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League, union discuss 18-game season

UPDATED (10:22 p.m.)...

Representatives of the NFL's franchise owners made a presentation to the players' union Wednesday about the possibility of extending the regular season to 18 games per team.

The presentation by members of the owners' bargaining committee was made during a meeting in New York as the two sides resumed their labor negotiations.

The change, if approved by the union, could take effect as soon as the 2012 season, according to Green Bay Packers President Mark Murphy.

"We made a presentation," Murphy, a member of the owners' bargaining committee, said during a conference call with reporters. "That was really it.... We haven't officially voted on it [but] there's a lot of momentum [among the owners] in meetings I've been in."

The union declined to comment through a spokesman. But a source on the players' side said the union has concerns about the prospective 18-game season on issues including players vesting for benefits, post-career health care, offseason workout rules and the schedule.

Players also have cited injury risks that would accompany additional regular season games.

"Don't get me wrong, I love the game of football," Baltimore Ravens linebacker Ray Lewis said in a written statement posted Wednesday afternoon on the union's Web site. "If fans want to show their love, they should let everyone know that we are not machines. I've been blessed to play this game for so long, but it's time to start thinking about what legacy and impact changes like this will leave for the players of tomorrow and us after we retire.

"I know our fans may not like preseason games and I don't like all of them, but swapping two preseason games for two end-of-season games--when players already play hurt--comes at a huge cost for the player and the team. I know our Union is on top of it and players need to stay in touch with the Union and our Executive Director to stay informed."

New England Patriots quarterback Tom Brady said in a written statement on the union's Web site: "I've taken part in several postseason runs where we have played 20 games. The long-term impact this game has on our bodies is well documented. Look no further than the players that came before we did. Each player today has to play three years in order to earn five years of post-career health care. Our Union has done a great job of raising the awareness on these issues and will make the right decision for us players, the game and the fans."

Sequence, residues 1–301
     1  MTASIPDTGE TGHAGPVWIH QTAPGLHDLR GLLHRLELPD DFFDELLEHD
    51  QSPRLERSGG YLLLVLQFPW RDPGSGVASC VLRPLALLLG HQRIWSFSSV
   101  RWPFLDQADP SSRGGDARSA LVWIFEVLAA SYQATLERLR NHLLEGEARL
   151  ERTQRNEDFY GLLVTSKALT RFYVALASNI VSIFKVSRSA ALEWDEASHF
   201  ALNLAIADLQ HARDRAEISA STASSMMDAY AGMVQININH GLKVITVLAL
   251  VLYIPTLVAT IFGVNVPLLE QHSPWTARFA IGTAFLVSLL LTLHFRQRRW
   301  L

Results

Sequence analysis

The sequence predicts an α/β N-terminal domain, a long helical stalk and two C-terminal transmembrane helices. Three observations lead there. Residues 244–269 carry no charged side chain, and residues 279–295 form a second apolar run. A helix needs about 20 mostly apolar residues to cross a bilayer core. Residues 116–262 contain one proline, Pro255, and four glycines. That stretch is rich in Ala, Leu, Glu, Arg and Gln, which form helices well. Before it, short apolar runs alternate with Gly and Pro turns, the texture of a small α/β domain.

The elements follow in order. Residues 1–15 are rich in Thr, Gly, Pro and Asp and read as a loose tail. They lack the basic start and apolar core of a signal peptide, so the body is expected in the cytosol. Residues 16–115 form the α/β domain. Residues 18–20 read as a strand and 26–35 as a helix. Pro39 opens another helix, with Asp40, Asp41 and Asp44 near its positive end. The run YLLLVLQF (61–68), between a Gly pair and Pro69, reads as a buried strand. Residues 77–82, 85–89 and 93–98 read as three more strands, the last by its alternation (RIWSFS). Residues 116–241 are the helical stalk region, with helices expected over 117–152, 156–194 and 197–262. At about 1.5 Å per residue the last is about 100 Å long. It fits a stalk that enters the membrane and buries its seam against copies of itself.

Those concerns apparently were raised by the union during Wednesday's meeting.

"The length of the season was an issue the players did raise," said Murphy, a former safety for the Washington Redskins. "They have concerns about safety."

The union's Web site referred to the owners' presentation about an 18-game season as a "proposal." The league did not call its presentation a formal proposal to the players for an 18-game season.

The owners appear to favor expanding the regular season from 16 to 18 games per team while reducing the preseason from four to two games per club, although they have not voted to officially approve the measure.

"I think this is an idea that is really gaining momentum, particularly within the owners," Murphy said. "It's something we've talked a lot about in the last year."

Murphy said he has received "a lot of complaints" from fans about the quality of preseason games, adding that the average starting player participates in about five to six of the 16 quarters in the four preseason games.

"There really isn't the same value there," Murphy said. "... I think there's a real issue we need to address.... I think it's very clear to many of us the players and teams don't need four [preseason] games to get ready for the regular season."

The owners do not intend to put a longer regular season into effect without an agreement with the players on the issue, Murphy said.

"Anything we can do to grow and improve the game, the players will see the benefits of that," Murphy said. "... This is something we want to reach agreement with the players on.... We have an issue with the preseason. There's not a lot of fan interest. They don't like the preseason. We're not providing value. But we also have concerns about the safety."

Murphy said it's possible that the NFL could establish a developmental league for players in conjunction with the potential move to a longer regular season. That would be an attempt to address any concerns by coaches about having fewer chances to evaluate younger players, given the possible reduction in preseason games.

There also could be rule changes such as increased roster sizes and alterations to the injured reserve procedures to enable a player to return to play in a season after being placed on the IR list.

Currently, each NFL team can have 53 players on its roster, of which 45 can be on the active list on game days. A player placed on the IR list is ineligible to play for that team for the remainder of the season, under current rules.

The current collective bargaining agreement between the owners and players enabled the owners to increase the number of regular season games if they chose to do so. Under the terms of the existing labor deal, the two sides would have had to negotiate compensation for the players for the additional regular season games if the owners had made that move.